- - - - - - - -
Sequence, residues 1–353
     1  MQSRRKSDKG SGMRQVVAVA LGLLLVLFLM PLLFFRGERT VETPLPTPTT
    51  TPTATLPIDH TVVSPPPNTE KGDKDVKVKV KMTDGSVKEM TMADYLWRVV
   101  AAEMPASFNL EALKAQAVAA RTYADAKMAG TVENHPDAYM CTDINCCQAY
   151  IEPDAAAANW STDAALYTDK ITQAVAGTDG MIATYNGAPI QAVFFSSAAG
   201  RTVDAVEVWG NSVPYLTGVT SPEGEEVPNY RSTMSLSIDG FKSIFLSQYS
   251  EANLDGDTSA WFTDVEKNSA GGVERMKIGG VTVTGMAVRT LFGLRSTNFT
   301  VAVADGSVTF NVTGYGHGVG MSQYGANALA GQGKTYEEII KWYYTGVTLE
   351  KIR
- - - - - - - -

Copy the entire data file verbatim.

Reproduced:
Sequence, residues 1–353
     1  MQSRRKSDKG SGMRQVVAVA LGLLLVLFLM PLLFFRGERT VETPLPTPTT
    51  TPTATLPIDH TVVSPPPNTE KGDKDVKVKV KMTDGSVKEM TMADYLWRVV
   101  AAEMPASFNL EALKAQAVAA RTYADAKMAG TVENHPDAYM CTDINCCQAY
   151  IEPDAAAANW STDAALYTDK ITQAVAGTDG MIATYNGAPI QAVFFSSAAG
   201  RTVDAVEVWG NSVPYLTGVT SPEGEEVPNY RSTMSLSIDG FKSIFLSQYS
   251  EANLDGDTSA WFTDVEKNSA GGVERMKIGG VTVTGMAVRT LFGLRSTNFT
   301  VAVADGSVTF NVTGYGHGVG MSQYGANALA GQGKTYEEII KWYYTGVTLE
   351  KIR